037This being my first dog (any experience with the species being limited to the extend family members who had them growing up), I immediately went into Research-Mode.  Those who know me can tell you this usually results in tons of information as well as multi-tab spreadsheets organizing said information into various charts/tables (with notes!) that are emailed to interested parties. I looked up anything and everything I could think of about how to raise a puppy responsibly: what to feed them, how to properly socialize them, what toys were they best, grooming, play groups, etc.

So, having done my homework, I set about making the requisite appointments with my veterinarian to have Luna checked out and begin with her vaccinations. Once at the veterinarian’s office we were informed that the puppy we were told was 8 weeks old was really probably only 5-6 weeks old when we got her and that she had a heart murmur. Wonderful. That last bit had me panicked and scurrying to back my computer for even more research.

Luna as a puppy

Luna as a puppy

The heart murmur eventually went away, but another concern soon surfaced. The fact that she is all white and has heterochromia (2 different colored eyes) raised a flag for me from the beginning since I know that all white dogs with blue eyes can have some issues (I did study biology at university, after all), but she seemed completely normal. As the weeks passed, however, we began to suspect that Luna may have limited hearing ability. She slept so soundly we sometimes wondered if she was still breathing and nothing ever woke her up except touching her when she was in her crate. She never noticed kids playing outside or other dogs barking unless they were in her line of site and she couldn’t track objects throw across the room unless she saw you throw them. By her 3rd or 4th veterinary appointment our doctor had determined that most likely Luna is almost completely deaf. The doctor explained that due to a lack of pigmentation that produced her white coat color, Luna had never developed the cells in her ears that would allow her to hear properly.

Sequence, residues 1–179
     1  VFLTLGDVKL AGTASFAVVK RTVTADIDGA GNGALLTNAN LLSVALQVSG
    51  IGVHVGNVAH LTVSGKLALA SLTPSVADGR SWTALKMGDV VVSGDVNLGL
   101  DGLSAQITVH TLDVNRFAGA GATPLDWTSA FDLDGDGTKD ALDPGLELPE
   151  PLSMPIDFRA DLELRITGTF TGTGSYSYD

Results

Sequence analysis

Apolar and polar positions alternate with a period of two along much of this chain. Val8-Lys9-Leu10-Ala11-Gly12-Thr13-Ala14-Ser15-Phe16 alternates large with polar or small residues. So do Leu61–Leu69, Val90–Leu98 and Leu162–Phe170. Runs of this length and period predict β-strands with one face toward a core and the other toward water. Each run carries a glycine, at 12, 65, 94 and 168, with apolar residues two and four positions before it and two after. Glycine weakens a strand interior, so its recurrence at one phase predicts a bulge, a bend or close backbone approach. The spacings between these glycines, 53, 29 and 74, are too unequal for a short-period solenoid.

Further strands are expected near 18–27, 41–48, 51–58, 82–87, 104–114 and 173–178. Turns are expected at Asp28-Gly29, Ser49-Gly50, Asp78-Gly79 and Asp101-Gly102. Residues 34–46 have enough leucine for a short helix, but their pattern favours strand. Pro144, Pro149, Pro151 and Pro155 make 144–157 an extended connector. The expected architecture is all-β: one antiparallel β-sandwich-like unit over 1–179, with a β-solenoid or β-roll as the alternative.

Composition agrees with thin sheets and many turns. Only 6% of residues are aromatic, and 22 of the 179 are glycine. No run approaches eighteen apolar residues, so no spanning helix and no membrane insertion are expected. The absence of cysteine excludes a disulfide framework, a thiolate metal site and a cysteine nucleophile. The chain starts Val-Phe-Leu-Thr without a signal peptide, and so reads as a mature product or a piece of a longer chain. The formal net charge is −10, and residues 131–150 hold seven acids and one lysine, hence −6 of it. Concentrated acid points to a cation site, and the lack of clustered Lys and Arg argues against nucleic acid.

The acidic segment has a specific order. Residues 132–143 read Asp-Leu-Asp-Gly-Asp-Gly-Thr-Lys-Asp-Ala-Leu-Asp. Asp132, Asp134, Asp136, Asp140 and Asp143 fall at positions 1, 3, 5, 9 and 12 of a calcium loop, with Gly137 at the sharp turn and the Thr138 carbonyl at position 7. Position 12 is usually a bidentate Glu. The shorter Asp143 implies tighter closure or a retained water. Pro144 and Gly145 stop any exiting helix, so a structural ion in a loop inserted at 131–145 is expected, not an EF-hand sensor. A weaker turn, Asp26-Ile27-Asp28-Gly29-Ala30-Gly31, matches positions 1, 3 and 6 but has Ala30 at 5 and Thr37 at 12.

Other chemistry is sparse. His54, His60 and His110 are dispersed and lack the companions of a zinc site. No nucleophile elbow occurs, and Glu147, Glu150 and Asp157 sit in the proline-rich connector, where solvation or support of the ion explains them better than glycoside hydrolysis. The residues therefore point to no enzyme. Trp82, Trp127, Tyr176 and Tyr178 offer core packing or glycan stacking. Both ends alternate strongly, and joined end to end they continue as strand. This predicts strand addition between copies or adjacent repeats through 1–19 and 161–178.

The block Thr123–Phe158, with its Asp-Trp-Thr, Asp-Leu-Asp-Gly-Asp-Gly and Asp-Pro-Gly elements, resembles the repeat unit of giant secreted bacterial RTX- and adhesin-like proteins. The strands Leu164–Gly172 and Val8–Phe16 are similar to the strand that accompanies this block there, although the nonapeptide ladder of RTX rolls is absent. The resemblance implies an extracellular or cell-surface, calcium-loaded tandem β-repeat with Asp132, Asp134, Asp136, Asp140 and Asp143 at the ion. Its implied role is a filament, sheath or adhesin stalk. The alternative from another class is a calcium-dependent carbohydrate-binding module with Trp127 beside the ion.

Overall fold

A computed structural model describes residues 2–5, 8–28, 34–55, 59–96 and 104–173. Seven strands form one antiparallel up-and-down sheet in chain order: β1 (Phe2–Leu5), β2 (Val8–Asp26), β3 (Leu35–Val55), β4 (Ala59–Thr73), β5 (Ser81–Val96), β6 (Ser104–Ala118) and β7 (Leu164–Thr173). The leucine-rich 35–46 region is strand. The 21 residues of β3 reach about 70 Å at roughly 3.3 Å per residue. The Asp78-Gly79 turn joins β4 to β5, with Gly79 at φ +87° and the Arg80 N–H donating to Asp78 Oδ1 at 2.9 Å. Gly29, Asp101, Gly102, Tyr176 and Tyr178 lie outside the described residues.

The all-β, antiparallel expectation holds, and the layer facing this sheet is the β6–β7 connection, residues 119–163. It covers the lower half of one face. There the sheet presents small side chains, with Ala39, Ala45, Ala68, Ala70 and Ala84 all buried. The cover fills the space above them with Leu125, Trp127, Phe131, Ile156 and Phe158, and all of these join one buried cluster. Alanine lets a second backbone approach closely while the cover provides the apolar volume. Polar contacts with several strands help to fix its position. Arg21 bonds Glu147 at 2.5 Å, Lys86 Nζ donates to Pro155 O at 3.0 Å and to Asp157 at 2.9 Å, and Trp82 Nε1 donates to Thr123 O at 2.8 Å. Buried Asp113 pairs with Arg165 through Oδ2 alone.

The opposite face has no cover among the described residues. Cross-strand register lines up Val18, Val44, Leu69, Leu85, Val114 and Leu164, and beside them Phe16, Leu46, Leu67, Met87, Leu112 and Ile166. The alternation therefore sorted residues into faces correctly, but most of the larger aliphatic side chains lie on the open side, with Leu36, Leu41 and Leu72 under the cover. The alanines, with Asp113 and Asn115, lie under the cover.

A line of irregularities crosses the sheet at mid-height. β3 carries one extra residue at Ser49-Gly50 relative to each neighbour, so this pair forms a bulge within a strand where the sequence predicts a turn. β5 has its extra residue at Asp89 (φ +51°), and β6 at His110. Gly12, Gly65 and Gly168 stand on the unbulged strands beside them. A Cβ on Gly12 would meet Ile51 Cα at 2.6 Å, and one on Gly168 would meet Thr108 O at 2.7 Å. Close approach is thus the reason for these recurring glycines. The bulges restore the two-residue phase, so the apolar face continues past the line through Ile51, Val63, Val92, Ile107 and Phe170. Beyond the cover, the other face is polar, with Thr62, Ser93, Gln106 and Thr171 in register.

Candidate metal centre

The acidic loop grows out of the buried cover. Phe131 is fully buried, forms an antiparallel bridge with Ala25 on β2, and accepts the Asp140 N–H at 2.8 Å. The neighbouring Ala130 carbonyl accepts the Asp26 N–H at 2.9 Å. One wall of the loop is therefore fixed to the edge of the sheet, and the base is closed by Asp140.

Luckily, K’s family had dalmatians growing up, one of whom was deaf, so he has some experience living with a deaf dog; I, on the other hand, was completely out of my element. I barely had any experience with dogs and now I had to train and socialize a deaf one?? You’re joking right? Everyone assured me it wasn’t that different from raising a hearing dog and they are, at least partially, right.

As I dove into yet another round of internet research I discovered a somewhat surprising lack of resources regarding what to do with a deaf dog. I could find websites, blogs, message boards, and forums for days on training methods for hearing dogs, but only a few good ones for deaf dogs.  Eventually, I found a few websites and groups that I felt were able to provide the information I was looking for and we began training Luna using hand signals.

The hand signal training is proving to be somewhat easier that I expected (although I really have no basis for comparison) and, while we’ve still got a long way to go, I feel like we’re off to a pretty good start all things considered.  Luna now knows ‘Sit’, ‘Stay’, and ‘Look at me’ which she dutifully performs at breakfast, dinner, and street crossings…provided there is promise of a yummy treat somewhere along the way.20141003_195741